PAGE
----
The social good approach, on the other hand, does not take the existing market as given, but questions the justice of the initial distribution of resources that directly affects the exercise of free speech (the famous Oxford professor, G.A. Cohen, famously made this argument here). So when Mill argues, for instance, that an open marketplace would guarantee the contestation of all possible ideas and the survival of the best, the free-speech-as-social-good approach accepts his goal, but rejects his premise: the purpose of free speech is indeed to provide an environment in which there is as wide a range and diversity of ideas as possible, available to the public. The market is instrumental towards achieving this goal, and not an end in itself.
And it is this approach that, it is submitted, the Supreme Court has endorsed in a majority of its cases. It is found in the dissenting opinion of Mathew J. in Bennett Coleman, where he argued that: “an interpretation of Article 19(1) (a) which focuses on the idea that restraining the hand of the government is quite useless in assuring free speech, if a restraint on access is effectively secured by private groups. A Constitutional prohibition against governmental restriction on the expression is effective only if the Constitution ensures an adequate opportunity for discussion.”
In the Cricket Association of West Bengal Case, the Court observed: “That also poses a danger to the freedom of speech and expression of the have-nots by denying them the truthful information on all sides of an issue which is so necessary to form a sound view on any subject.”
And in Union of India v. Motion Picture Association, the Court observed interpreted Article 19(1)(a) as aimed at “promoting dissemination of ideas, information and knowledge to the masses so that there may be an informed debate and decision making on public issues.”
And perhaps most significantly, in LIC v. Manubhai D. Shah, by effectively holding in favour of a “right of reply” in the case of contentious newspaper articles (even in an in-house newspaper), the Court noted: “fairness demanded that both viewpoints were placed before the readers, however limited be their number, to enable them to draw their own conclusions.”
Let us now make the argument. Article 19(1)(a), as the Court has held repeatedly, is most fundamentally about democracy. Freedom of expression is essential to maintaining a functioning democracy. The Court has endorsed a rich, substantive conception of democracy, which envisages a broad and diverse range of ideas open and accessible to the public. The freedom, under Article 19(1)(a), is not just the right of a speaker to speak his mind, but a community right to access information, an individual right to be informed, and the social good of a vibrant and engaged public. And lastly, this freedom is not exercised within the constraining influence of existing market relations that determine access to the means of communication and information, but contrariwise, it is the market relations that must be judged – and if necessary, modified – to comport with the right.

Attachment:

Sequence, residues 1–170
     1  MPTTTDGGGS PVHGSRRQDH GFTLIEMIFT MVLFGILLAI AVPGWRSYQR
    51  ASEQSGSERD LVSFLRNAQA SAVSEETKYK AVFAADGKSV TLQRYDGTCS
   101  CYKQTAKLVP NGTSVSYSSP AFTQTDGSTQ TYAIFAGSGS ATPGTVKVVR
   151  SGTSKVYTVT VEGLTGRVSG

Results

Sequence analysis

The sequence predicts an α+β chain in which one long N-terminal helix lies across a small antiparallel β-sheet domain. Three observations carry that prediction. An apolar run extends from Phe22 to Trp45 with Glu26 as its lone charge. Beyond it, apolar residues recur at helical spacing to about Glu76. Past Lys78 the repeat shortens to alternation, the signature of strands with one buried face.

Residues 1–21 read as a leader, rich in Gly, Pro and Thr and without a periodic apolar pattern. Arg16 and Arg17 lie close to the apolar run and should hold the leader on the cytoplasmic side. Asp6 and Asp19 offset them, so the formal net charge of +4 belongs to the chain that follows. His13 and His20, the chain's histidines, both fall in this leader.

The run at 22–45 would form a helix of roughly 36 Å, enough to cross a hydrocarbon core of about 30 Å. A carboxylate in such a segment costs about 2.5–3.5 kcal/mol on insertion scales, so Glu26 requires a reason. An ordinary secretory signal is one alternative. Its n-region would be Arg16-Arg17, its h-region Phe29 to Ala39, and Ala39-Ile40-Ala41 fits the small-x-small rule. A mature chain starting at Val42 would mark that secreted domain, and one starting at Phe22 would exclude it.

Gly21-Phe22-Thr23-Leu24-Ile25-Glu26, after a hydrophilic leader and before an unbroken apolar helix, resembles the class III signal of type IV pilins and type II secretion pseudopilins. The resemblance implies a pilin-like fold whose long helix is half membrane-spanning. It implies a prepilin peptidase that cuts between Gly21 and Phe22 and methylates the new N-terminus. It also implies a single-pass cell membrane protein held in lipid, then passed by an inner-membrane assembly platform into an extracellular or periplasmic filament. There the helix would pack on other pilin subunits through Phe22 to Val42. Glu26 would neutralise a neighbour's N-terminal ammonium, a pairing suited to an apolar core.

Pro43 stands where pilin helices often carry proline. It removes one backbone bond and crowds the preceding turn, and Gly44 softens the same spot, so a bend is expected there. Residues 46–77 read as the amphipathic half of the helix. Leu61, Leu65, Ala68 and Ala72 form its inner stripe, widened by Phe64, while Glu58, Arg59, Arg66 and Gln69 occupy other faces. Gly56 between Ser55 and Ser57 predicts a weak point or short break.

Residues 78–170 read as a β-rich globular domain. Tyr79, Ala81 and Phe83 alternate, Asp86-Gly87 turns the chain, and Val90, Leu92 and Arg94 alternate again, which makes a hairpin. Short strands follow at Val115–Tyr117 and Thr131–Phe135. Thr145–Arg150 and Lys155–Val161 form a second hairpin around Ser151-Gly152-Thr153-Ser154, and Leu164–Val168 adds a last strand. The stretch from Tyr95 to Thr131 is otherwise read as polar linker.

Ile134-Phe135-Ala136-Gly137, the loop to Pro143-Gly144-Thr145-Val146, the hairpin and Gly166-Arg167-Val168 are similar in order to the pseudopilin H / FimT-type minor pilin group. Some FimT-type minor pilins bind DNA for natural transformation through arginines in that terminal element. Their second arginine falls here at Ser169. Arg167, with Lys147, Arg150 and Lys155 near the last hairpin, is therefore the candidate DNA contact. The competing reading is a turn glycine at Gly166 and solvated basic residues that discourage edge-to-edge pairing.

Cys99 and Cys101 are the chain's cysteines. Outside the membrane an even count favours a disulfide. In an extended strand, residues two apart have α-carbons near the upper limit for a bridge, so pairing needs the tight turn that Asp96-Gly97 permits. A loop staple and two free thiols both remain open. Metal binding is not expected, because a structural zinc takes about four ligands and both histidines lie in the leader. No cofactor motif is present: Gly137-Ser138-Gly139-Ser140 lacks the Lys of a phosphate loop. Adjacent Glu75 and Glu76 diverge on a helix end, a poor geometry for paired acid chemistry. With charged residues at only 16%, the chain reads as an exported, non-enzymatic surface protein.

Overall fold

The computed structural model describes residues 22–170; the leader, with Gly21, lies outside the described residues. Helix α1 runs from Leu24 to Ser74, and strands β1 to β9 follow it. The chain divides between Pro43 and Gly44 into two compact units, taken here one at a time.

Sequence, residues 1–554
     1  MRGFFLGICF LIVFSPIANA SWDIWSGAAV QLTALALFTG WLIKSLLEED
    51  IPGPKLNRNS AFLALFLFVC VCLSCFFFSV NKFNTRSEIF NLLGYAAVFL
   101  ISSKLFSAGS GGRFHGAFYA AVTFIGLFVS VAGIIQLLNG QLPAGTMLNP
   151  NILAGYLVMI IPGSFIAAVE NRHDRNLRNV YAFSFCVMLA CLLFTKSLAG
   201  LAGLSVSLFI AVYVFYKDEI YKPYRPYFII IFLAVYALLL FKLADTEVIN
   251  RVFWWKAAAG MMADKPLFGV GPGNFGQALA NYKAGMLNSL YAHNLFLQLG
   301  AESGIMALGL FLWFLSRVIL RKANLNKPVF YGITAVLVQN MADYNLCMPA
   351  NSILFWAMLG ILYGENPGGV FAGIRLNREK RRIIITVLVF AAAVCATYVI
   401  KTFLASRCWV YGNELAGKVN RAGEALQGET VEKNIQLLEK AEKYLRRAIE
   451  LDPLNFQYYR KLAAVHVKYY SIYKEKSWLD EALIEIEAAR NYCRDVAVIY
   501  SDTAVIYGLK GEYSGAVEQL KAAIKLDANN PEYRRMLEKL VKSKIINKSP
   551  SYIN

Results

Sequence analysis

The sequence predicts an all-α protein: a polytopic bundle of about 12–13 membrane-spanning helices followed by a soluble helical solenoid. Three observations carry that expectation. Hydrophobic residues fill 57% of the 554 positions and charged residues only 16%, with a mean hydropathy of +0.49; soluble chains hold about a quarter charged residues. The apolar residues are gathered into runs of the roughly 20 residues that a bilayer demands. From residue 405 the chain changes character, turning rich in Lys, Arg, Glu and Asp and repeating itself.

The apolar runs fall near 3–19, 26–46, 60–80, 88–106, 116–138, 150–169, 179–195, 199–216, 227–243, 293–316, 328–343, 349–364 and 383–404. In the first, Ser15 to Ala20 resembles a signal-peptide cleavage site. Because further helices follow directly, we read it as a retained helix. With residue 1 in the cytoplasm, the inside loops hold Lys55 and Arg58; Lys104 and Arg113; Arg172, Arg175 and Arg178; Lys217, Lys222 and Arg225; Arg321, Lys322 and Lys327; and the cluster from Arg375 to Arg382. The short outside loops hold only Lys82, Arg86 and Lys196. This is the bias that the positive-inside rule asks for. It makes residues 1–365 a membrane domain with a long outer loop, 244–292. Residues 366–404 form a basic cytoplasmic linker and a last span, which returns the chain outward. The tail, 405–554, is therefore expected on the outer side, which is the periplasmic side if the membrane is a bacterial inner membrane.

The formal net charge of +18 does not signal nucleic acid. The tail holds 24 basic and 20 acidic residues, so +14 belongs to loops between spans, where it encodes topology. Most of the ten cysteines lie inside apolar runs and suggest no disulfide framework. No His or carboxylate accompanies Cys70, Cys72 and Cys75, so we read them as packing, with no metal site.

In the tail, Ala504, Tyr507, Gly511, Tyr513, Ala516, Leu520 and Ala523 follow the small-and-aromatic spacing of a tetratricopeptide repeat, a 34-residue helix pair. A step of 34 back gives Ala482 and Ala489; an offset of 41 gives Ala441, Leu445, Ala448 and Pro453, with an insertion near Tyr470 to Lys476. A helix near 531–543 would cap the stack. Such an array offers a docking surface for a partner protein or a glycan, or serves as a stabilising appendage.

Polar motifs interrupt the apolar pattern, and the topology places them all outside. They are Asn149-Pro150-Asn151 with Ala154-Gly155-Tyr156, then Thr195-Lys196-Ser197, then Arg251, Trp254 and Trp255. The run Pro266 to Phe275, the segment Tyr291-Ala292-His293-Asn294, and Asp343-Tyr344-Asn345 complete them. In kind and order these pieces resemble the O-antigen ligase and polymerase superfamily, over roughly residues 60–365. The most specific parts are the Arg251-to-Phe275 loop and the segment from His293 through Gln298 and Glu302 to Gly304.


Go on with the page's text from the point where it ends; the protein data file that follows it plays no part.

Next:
The last step is easy enough. The educational system is the most important avenue for access to knowledge and ideas. There is no substitute for it. Unaffordable book prices constitute a heavy barrier to access. It doesn’t matter – for the purposes of the present argument – that the prices are imposed by private entities because what is at stake here is the interpretation of a law (the fair dealing provision in the Copyright Act). It is submitted, therefore, that the Court ought to treat unaffordable book prices as impediments to a full exercise of Article 19(1)(a) rights and freedoms (as elaborated above), and interpret the Copyright Act in a manner that is most conducive to removing those barriers.
Articles 19(1)(g), 19(6) and 21A
But what, it might be argued, does this mean for Article 19(1)(g), which guarantees the freedom of occupation, trade or business? Shouldn’t that play a role in the interpretation of the Copyright Act as well, because an unrestricted permission to photocopy will certainly have an impact on the profits of the publishing companies? The answer is yes, of course, it should. And of course, 19(6), that permits reasonable restrictions in the interests of the general public, will play the role of a counterbalance. Now, I would submit that there are two considerations that ought to be borne in mind when analyzing the 19(1)(g) issue in this case. The first is that in a series of judgment, from Mohini Jain through Unnikrishnan and most recently in Right to Education, the Court has made it clear that the historical rootedness of education as a public service and a charity throughout Indian history implies that while it is protected under Article 19(1)(g), it does not enjoy the same levels of protection as other businesses – especially when it comes to the question of profit. What this means is that a 19(6) balancing test would give shorter shrift to profit than it would otherwise do (this argument is buttressed by Article 21A’s constitutional guarantee of education although that, of course, is limited in its scope to the ages of 6 to 14 and so can, at best, play only an indirectly interpretive role in this enquiry). And secondly, the public interest in this case – cheap access to educational materials in a nation that still suffers from grinding inequality and poverty – is close to overwhelming. Of course, it may be argued that the unrestricted photocopying will drive OUP, CUP and Taylor & Francis out of business, and so do a disservice to the public interest by constricting the availability of educational materials. That is a judgment for the Court to make, although my intuition is that a close analysis of the financial statements of these companies will reveal those fears to be – largely – groundless.
*The author is a former Rhodes Scholar and a graduate of NLSIU, Bangalore. He runs a blog on Indian constitutional law and philosophy at http://indconlawphil.wordpress.com, and may be reached at firstname.lastname@example.org.